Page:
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URMC / Labs / Seychelles Child Development Study / Scientific Approach


Scientific Approach

The Seychelles Child Development Study (SCDS) started in the mid-1980s and now includes several large cohorts of children whose mothers consumed fish frequently during their pregnancy. The study objective has always been to determine if prenatal MeHg exposure from fish consumption has adverse effects on the children’s neurodevelopment.

Another objective has been to document child development in the Seychelles. The Seychelles was selected because fish consumption in the islands was high and indeed the mothers who were enrolled consumed more than 8 meals containing fish per week. The Seychelles also presented several advantages for an epidemiology study looking for subtle differences in developmental outcomes. These included being a Westernized developing nation; the initiation in about 1978 of a universal, readily accessible and free system of health care and education; limited industrial development with no local sources of pollution; and low alcohol consumption among women. Mercury exposure has been measured in maternal hair growing during pregnancy and in child hair at various points after birth.  

The Pilot cohort is comprised of 789 children who joined the study in 1986 and who have been intermittently followed for child development ever since. The Main cohort was recruited in 1989 and is comprised of 779 children. This cohort has been tested for developmental outcomes at 6, 19, and 29 months and again at 5.5, 9, 10.5, 17, 19, 22 and 24 years of age.

A subsequent Nutrition cohort (NC 1) was developed to test the hypothesis that nutrient and dietary status of the mother during pregnancy modulates the neurotoxicity of methylmercury. In 2001, a cohort of 300 mothers was enrolled during their first trimester of pregnancy. At enrollment and delivery we obtained hair and blood from the mothers for Hg analysis and cord blood from the infants. A variety of nutritional factors that might influence child development were measured in the mother’s blood. Child development of the offspring was tested at 5, 9, 25, and 30 months, and at 5, 8 and 10 years of age.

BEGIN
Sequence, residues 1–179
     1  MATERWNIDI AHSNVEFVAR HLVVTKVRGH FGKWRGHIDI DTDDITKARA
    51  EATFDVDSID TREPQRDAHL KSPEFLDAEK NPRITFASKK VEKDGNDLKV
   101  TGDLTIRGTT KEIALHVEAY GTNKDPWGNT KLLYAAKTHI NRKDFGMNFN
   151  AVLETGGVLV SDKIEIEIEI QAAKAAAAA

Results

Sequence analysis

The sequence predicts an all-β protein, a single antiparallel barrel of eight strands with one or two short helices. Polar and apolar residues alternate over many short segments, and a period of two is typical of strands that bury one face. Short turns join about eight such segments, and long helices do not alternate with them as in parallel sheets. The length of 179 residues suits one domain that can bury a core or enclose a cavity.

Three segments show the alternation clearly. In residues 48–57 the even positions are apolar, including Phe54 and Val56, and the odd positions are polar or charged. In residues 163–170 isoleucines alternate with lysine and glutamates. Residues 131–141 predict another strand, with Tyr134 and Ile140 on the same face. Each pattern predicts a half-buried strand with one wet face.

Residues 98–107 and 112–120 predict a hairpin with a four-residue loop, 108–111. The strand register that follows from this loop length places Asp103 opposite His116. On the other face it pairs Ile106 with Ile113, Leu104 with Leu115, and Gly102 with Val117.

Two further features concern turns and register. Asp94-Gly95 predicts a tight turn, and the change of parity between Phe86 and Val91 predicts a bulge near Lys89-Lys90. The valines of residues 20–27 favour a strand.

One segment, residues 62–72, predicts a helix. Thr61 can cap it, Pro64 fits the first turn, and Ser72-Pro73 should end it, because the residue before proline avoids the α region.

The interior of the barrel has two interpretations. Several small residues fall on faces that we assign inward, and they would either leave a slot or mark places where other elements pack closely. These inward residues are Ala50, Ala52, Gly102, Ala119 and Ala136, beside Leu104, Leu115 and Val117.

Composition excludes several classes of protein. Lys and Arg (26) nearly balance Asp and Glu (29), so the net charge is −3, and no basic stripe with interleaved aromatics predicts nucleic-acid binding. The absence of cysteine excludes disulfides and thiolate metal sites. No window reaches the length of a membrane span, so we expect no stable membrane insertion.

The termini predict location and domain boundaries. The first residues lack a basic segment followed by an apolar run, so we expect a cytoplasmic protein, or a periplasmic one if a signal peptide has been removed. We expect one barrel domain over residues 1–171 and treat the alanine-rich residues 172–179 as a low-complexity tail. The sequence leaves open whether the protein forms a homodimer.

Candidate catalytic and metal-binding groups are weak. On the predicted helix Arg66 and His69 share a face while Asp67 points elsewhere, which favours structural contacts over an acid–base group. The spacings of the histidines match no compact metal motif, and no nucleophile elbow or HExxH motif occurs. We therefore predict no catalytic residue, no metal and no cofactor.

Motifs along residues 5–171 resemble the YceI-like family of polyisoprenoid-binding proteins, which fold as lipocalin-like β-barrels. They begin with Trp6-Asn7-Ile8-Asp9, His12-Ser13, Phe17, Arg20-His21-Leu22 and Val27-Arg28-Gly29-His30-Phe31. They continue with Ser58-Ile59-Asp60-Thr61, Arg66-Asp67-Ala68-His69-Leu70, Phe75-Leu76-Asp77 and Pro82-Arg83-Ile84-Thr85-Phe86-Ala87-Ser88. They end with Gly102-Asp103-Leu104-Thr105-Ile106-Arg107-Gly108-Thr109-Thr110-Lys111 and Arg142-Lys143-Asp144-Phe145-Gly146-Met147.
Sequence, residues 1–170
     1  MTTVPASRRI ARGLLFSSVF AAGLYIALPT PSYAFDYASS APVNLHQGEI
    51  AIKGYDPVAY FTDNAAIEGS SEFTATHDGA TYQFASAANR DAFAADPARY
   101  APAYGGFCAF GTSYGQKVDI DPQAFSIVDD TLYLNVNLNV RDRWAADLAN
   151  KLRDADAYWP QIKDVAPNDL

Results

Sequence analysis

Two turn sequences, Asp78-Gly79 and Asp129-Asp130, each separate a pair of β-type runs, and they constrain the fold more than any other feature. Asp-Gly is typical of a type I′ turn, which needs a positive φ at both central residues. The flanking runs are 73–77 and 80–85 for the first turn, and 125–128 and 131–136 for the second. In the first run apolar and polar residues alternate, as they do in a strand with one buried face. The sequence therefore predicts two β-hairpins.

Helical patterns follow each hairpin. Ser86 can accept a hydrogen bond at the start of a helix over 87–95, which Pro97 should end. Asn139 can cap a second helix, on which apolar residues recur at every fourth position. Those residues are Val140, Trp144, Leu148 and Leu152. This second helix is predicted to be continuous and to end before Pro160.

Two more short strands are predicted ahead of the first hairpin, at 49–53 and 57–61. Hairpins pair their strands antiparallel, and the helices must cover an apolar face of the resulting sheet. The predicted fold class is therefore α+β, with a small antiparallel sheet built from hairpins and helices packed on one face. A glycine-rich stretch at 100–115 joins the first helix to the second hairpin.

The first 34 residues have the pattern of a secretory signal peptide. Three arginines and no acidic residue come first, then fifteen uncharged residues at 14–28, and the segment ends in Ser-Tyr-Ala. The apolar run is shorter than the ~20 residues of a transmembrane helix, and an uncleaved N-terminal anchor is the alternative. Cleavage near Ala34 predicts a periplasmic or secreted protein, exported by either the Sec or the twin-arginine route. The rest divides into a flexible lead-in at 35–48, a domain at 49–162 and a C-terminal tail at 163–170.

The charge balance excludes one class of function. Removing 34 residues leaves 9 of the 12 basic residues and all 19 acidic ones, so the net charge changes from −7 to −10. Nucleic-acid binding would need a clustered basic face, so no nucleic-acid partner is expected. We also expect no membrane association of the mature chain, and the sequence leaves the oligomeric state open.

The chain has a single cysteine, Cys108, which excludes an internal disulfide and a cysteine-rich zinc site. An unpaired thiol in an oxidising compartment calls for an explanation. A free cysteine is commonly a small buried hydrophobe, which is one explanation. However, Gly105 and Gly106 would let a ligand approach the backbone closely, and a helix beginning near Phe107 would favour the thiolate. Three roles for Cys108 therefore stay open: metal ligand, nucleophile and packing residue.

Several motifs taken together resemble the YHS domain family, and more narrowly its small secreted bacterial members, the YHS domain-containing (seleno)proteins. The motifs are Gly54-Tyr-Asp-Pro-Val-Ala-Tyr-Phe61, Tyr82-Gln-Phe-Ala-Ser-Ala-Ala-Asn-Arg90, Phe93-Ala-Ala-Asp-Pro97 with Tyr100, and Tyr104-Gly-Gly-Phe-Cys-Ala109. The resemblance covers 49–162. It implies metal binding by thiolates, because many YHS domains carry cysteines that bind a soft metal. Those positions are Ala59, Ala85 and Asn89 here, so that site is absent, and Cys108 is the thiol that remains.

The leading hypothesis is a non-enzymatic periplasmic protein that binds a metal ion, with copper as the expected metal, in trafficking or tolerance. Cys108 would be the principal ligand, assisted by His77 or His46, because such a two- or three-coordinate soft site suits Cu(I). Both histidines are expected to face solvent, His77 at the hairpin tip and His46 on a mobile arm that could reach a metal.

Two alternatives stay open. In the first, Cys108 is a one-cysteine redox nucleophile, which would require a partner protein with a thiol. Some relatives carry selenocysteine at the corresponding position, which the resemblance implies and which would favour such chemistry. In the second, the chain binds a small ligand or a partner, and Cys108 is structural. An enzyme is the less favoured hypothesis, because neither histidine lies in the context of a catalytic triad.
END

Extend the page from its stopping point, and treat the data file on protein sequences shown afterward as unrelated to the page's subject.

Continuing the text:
Most recently, a second Nutrition cohort (NC 2) was enrolled to follow up on findings from the NC 1 cohort. The larger cohort was needed to test the hypothesis that certain micronutrients in fish may be beneficial for child development and protective against the neurotoxic effects of methylmercury. Between 2008 and 2011, a cohort of over 1,500 mothers was enrolled during pregnancy. Similar to the NC 1 cohort, hair and blood were obtained from mothers and cord blood from the infants for the analysis of Hg and various nutritional and genetic factors that might influence child development and / or methylmercury toxicity. The cohort has been tested for developmental outcomes at 20 months and 7 years of age.

Current efforts are underway to enrich the biorepository and outcomes database for our various cohorts for future studies of underlying mechanisms of the impact of fish consumption on health and development. We will be re-evaluating the Main cohort and their mothers to establish baseline data for novel prospective studies of MeHg toxicity across the life course. The Main cohort participants (at approximately 30 years of age) and their mothers (at approximately 55 years of age) will be re-enrolled with hair and blood samples collected. Data on medical history, health behaviors, sociodemographic determinants of health, and fish consumption will be updated. We will also assess the mothers for physical functioning. Furthermore, we will re-examine NC2 participants at about age 13 years and collect information on sociodemographic determinants, health behaviors, anthropometrics measures, school performance and fish consumption, along with the collection of blood and hair samples.